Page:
CRACK CITY ROCKERS

Joyce Hotel

(Paisley Pop)

Portland combo in love—that's l-u-v—with the seedy side of life.

If you're from Portland, home to these wham-bam-thank-YOU-ma'am!

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CD Reviews

CRACK CITY ROCKERS

Joyce Hotel

(Paisley Pop)

Portland combo in love—that's l-u-v—with the seedy side of life.

If you're from Portland, home to these wham-bam-thank-YOU-ma'am! rockers, the album title's a broad hint. The Joyce is a once-lustrous abode now gone to seed as a residential flop whose assorted woes included a notorious '97 sexual harassment suit involving the hotel manager preying upon female tenants. That's a perfect metaphor for the luckless desperation, waitin' for the man-style glammy punk blooze CCR excels at. The band is led by Eric Gregory, who sketches his street-luv vignettes from a (Lou) Reed's-eye viewpoint and delivers them with a weighty gravity that brings to mind, at times, David Johansen, Steve Wynn, and the Only Ones' Peter Perrett. (Worth noting: Lead guitarist Dennis Mitchell also fronts Rose City power-pop kings the Quags.) And the music's the perfect sonic yin to Gregory's late-night loser's yang. Highlights include the snappy New York Dolls-isms of "I Do All Right" and the funky hepcat shuffle "Now I Know," plus the stone brilliant "Zombietime," which sleekly marries Mott the Hoople to Iggy Pop and makes 'em play Reed's "Vicious." On the CCR Web site, an exhaustive list of "sources of inspiration" includes such disparate icons as Patti Smith, the Clash, the Doors, the Fugs, Mick Farren, writer Terry Southern, rock crit Nick Kent and—dig it—Charles Wright & the Watts 103rd Street Rhythm Band. Poets, fools, bums, and visionaries all—nice company to be keeping, lads. FRED MILLS

Crack City Rockers play Industrial Coffee Co. at 9 p.m. Fri., Aug. 2. $5. They play Easy Street Records (4559 California S.W., 938-3279) at 8 p.m. Sat., Aug. 3. Free.

STEROID MAXIMUS

Ectopia

(Ipecac Recordings)

Thirlwell's back and strange as ever.

J.G. Thirlwell, the multimonikered musical maniac responsible for all things Foetus (Scraping Foetus Off the Wheel, Foetus Inc., Foetus All-Nude Revue, etc.) resurrects his Steroid Maximus project after a 10-year absence. He pretty much picks up where he left off, though the tracks on Ectopia are more homogeneous and polished than anything found on '92's Quilombo and Gondawanaland. Thirlwell's early Steroid material wore you down with its sheer mass of sampled material and frenetic pace. The improvement here is due, in part, to some dramatic technological advances, but Thirlwell's growth as an artist undoubtedly plays a roll as well. Like an imaginary soundtrack to a very strange film, this all-instrumental album leads the listener through a variety of cerebral vistas—some scary, some larkish. Thirlwell throws out random styles, samples, and sensibilities, making it all seem fairly effortless. The disc is somewhat heavy on the neo-swing and lounge motifs, but there are plenty of eclectic curveballs thrown in to spice up the proceedings. Foetus fans will certainly come away satisfied after hearing the new collection (if they can live without his singing). But even if you've shied away from Thirlwell's "doom und drang" in the past, this is a fun, breezy—albeit kooky—listen for a sunny summer day. BEN MUNAT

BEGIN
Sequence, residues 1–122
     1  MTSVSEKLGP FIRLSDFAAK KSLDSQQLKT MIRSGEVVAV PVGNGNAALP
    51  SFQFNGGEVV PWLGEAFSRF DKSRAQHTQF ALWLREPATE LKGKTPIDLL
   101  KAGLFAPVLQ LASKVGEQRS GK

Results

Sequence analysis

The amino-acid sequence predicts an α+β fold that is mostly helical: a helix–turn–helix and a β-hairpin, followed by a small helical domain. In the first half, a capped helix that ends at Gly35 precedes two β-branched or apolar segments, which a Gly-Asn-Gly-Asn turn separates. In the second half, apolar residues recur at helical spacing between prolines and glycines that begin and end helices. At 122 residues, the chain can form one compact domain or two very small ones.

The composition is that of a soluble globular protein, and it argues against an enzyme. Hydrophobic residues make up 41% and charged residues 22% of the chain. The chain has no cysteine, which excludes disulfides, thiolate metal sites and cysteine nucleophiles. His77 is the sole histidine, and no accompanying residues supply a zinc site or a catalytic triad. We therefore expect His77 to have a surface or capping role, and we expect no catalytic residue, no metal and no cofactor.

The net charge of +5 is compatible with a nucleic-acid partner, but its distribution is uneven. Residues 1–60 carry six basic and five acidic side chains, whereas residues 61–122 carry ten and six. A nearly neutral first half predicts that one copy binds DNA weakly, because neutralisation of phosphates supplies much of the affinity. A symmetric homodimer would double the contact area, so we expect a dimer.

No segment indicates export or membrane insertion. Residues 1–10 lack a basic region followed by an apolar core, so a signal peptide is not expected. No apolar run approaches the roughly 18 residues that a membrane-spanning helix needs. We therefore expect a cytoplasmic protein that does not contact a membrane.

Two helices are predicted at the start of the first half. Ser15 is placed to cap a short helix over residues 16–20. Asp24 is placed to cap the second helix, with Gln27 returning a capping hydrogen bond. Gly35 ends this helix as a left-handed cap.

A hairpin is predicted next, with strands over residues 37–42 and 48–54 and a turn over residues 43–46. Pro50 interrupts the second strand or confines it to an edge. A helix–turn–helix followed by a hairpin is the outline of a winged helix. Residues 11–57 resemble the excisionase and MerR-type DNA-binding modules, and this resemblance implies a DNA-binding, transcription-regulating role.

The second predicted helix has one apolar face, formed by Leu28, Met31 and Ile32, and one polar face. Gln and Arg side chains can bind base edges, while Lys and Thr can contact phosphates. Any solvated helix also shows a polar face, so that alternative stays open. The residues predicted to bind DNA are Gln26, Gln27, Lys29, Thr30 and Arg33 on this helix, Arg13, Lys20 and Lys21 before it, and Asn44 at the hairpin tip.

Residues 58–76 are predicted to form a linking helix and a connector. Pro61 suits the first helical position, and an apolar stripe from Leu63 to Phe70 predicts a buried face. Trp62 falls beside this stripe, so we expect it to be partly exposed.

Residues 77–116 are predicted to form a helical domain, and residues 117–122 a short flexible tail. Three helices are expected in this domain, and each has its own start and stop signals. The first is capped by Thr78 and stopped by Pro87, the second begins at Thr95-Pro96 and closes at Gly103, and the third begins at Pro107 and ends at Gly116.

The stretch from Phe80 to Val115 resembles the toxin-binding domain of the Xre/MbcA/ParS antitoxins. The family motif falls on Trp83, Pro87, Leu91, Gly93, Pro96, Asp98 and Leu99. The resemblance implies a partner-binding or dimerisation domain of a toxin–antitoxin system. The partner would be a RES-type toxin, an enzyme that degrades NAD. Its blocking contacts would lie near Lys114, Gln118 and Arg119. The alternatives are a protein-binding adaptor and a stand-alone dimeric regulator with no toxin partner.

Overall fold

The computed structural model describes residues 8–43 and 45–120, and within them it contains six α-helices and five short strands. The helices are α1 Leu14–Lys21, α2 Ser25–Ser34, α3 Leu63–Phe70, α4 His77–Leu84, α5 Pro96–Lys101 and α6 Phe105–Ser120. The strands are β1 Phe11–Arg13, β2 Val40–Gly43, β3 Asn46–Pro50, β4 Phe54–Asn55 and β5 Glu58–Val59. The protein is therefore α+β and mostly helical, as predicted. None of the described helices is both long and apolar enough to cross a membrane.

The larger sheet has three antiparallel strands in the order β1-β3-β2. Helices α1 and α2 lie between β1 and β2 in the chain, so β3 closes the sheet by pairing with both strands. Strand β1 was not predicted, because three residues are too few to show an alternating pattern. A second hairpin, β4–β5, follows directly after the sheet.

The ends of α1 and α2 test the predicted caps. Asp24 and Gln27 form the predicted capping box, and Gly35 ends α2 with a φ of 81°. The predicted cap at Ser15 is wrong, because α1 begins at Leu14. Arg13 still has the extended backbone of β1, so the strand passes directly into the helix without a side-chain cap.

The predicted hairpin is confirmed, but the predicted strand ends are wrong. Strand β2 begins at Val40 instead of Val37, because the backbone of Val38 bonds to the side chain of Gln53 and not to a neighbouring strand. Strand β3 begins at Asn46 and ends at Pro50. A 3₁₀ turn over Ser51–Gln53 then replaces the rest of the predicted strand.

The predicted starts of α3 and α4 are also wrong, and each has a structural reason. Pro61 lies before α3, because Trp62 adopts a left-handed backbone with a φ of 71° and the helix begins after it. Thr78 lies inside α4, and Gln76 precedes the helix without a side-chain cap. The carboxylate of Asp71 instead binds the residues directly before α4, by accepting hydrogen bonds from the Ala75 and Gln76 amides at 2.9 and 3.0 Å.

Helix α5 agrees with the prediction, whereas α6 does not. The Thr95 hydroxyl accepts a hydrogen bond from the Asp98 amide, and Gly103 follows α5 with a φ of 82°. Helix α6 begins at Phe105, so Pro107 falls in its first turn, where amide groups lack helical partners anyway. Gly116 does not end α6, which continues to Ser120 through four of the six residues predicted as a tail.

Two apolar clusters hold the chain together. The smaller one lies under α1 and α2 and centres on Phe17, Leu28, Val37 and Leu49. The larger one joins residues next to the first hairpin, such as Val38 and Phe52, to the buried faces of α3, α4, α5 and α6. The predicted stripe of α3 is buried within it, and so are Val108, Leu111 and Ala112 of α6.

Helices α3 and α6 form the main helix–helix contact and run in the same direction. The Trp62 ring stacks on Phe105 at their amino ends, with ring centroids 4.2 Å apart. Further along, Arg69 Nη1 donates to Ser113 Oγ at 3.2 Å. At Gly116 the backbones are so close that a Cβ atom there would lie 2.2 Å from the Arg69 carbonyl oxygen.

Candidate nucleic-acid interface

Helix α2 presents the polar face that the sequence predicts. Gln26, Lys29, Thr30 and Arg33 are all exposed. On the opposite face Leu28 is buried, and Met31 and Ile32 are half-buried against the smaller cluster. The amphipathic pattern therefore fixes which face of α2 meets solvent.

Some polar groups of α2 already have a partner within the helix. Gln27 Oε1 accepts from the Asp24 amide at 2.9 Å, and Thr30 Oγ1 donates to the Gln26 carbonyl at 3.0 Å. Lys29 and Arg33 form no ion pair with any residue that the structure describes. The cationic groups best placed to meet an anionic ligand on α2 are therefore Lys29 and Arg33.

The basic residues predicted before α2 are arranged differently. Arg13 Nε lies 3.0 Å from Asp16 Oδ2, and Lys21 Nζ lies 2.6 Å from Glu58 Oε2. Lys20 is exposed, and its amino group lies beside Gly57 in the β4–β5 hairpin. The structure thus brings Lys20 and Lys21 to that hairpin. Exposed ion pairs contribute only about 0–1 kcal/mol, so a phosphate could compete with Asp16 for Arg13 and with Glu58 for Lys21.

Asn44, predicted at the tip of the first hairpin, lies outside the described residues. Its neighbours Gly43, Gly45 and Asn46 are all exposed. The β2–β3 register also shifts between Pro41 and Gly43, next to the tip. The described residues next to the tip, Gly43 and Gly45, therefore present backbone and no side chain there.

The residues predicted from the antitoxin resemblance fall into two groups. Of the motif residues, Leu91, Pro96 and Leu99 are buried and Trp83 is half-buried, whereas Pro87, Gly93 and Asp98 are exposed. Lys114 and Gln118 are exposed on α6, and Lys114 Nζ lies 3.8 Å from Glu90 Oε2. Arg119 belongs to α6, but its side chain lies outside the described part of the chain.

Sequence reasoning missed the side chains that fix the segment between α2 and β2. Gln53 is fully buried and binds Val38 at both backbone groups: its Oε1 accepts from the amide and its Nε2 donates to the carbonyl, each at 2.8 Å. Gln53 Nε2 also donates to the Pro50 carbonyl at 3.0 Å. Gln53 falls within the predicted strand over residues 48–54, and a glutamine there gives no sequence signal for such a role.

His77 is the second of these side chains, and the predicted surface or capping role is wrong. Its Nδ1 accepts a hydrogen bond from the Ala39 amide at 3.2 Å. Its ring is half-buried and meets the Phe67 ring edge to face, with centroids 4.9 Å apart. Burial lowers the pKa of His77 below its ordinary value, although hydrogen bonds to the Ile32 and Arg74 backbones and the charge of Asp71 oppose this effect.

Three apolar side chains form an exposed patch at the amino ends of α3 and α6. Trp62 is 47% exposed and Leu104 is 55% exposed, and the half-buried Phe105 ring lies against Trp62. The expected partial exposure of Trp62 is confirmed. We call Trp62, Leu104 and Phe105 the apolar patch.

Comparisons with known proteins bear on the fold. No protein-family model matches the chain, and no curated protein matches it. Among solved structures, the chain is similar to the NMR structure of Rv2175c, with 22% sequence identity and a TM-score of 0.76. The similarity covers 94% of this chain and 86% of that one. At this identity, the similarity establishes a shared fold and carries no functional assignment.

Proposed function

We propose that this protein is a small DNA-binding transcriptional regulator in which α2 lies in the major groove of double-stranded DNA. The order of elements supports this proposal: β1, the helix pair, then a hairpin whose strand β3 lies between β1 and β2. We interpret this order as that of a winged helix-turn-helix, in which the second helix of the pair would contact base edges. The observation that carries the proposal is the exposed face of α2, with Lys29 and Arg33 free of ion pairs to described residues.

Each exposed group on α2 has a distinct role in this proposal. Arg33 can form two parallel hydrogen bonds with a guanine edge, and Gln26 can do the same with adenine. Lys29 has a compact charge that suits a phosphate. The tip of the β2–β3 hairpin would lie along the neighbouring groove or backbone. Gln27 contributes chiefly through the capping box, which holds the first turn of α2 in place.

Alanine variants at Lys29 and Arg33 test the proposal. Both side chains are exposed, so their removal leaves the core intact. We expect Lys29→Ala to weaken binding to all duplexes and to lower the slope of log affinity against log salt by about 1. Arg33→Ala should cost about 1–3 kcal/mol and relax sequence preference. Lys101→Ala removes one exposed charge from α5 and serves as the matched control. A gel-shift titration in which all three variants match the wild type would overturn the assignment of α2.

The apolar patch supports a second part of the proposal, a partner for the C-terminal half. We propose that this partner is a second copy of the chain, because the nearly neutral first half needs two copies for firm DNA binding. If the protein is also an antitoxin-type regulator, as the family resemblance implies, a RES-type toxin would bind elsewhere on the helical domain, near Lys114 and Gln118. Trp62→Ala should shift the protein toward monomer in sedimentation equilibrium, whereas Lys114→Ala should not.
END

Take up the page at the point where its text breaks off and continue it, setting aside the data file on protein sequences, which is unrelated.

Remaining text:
THE NATURAL HISTORY

S/T

(StarTime International)

Doing it clean/you know what I mean?

The other day I celebrated 1987: Over breakfast it was Strangeways by the Smiths, then Dinosaur Jr.'s You're Living All Over Me, Echo and the Bunnymen's Songs to Play and Learn (sure, the compilation came out in '85, but don't be difficult), and later on, a Go-Betweens "Best Of." Had I a copy of the Natural History's debut EP lying around, it would have fit perfectly—although not a lick of it was made 15 years ago. But understand, the Natural History are one part British invasion-influenced pop, one part textbook college/indie/alternative, and one part regular rock 'n' roll in the style of Elvis Costello, Tom Petty, Buffalo Tom, and recent Silkworm. The drums are great; not Joy Division genius, but certainly Surfer Rosa cool. The deadpan-if-a-little-whiny vocals are old-school indie acerbic and intelligent, and the guitar and bass come on like a strong shot of melody with a propulsive, carbonated chaser. The best thing about the Natural History is that they don't overthink anything—and as far as contemporary pop bands go, that's an especially good thing (see also: Spoon, the Walkmen, and the Shins). To wit: "Telling Lies Will Get You No Where" keeps its time with an almost elementary marching band beat. That simple, consistent banging is precisely what gives the opening track—and much of the disc—its edge. LAURA CASSIDY

The Natural History play Graceland at 9 p.m. Sun., Aug. 4. $6.

 
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